Does Apneic Oxygenation Help Prevent Desaturation during RSI? An RCT.
Caputo, Nicholas, et al. “Emergency Department use of Apneic Oxygenation versus usual care during rapid sequence intubation: A randomized controlled trial (The ENDAO Trial).” Academic Emergency Medicine 24.11 (2017): 1387-1394. https://doi.org/10.1111/acem.13274
Preventing desaturations during endotracheal intubation is of critical importance. Persistent hypoxia can, of course, cause significant complications, including arrhythmias, cardiac arrest, and ultimately death. In the past decade, the idea of apneic oxygenation – i.e., delivering oxygen via nasal cannula while attempting to intubate – has become exceedingly popular and widespread. Previous studies have been split on whether apneic oxygenation adds value to the standard approach of simple preoxygenation in urgent or emergency intubations. This study attempts to add evidence from a randomized controlled trial to adjudicate the argument by testing to see if there was a difference in lowest mean arterial oxygen saturation between a group who received apneic oxygenation and a group who did not. Additionally, they looked at several secondary end points: (1) first pass success; (2) rate of desaturation; (3) time to desaturation; and (4) mortality. The study differs from a prior RCT of apneic oxygenation (the FELLOW trial) in that both groups in this study underwent a period of preoxygenation (and denitrogenation) prior to intubation.
200 patients enrolled at a large level 1 trauma center/academic hospital in a 1:1 ratio. Inclusion criteria: > 18 yrs old; received preoxygenation for 3 minutes via bag-valve mask, non-rebreather, or BiPAP; no trauma or cardiac arrest. The design included two groups: one that received preoxygenation alone and one that received both preoxygenation and flush flow nasal cannula beginning at the initiation of preoxygenation and extending through successful endotracheal intubation. The authors used Cohen’s d test to power the study to detect a difference of 5% in lowest average desaturation. For the purposes of the study, the authors defined apneic time as the period from insertion of laryngoscope blade to the time of end-tidal CO2 confirmation of successful ET tube placement. Lowest average desaturation was defined as the lowest O2sat during the apneic period and the two minutes that followed.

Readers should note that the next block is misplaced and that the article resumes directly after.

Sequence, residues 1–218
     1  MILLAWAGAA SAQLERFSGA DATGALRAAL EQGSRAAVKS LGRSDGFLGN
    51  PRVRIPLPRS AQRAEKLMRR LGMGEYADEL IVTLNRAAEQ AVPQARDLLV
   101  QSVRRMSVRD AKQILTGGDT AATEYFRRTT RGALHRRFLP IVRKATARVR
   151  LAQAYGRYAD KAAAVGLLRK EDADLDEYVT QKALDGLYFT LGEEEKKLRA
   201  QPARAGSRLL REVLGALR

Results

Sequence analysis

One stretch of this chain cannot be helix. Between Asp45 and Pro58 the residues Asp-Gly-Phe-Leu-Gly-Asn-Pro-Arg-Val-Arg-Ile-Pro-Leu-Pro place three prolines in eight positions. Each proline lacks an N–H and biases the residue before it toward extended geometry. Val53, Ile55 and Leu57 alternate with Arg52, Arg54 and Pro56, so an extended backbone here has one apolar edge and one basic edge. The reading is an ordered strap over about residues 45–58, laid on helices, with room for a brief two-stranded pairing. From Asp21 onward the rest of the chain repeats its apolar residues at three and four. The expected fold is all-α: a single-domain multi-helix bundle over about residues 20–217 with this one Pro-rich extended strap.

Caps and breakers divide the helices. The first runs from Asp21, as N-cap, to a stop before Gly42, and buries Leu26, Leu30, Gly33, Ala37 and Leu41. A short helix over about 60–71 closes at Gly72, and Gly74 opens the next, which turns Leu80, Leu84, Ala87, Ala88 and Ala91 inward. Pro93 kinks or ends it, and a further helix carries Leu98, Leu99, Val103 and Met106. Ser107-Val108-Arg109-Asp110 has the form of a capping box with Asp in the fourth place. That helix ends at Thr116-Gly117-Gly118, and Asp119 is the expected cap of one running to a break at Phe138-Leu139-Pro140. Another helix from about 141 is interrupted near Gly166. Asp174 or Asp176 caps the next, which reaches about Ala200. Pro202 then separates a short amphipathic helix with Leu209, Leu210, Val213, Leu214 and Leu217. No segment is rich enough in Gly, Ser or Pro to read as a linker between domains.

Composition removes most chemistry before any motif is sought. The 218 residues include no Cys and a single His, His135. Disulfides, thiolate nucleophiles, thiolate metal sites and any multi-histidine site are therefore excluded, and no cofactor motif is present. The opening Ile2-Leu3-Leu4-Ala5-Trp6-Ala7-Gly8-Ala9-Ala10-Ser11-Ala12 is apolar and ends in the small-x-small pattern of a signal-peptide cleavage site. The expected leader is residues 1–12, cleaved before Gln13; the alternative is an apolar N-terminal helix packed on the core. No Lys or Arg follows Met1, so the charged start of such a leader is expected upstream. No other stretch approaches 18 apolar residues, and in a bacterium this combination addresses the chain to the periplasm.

The demographics of the two groups, both in terms of patient characteristics and intubator skill, were comparable. There was no difference in O2sat at 80 seconds, 100 seconds or 195 seconds. There was no difference in time to desaturation, rate of desaturation, first-pass success or mortality.
The takeaway is that for patients that can safely be preoxygenated, there appears to be little-to-no added benefit of providing apneic oxygenation. That said, there is also little-to-no potential for harm from providing supplemental oxygen during the apneic period. Moreover, the study did not include crashing patients – cardiac and trauma arrests were exclusion criteria – or others who could not be preoxygenated, and the intubations were relatively quick (90% with completed within 100 seconds). It would seem reasonable, therefore, that apneic oxygentaion would help most in those instances where the patient is critically ill or is likely to be a difficult airway (e.g., obese patients). And in stable patients where there is ample time to set up prior to intubating, there appears to be little downside to adding additional oxygen during the preox and apneic periods.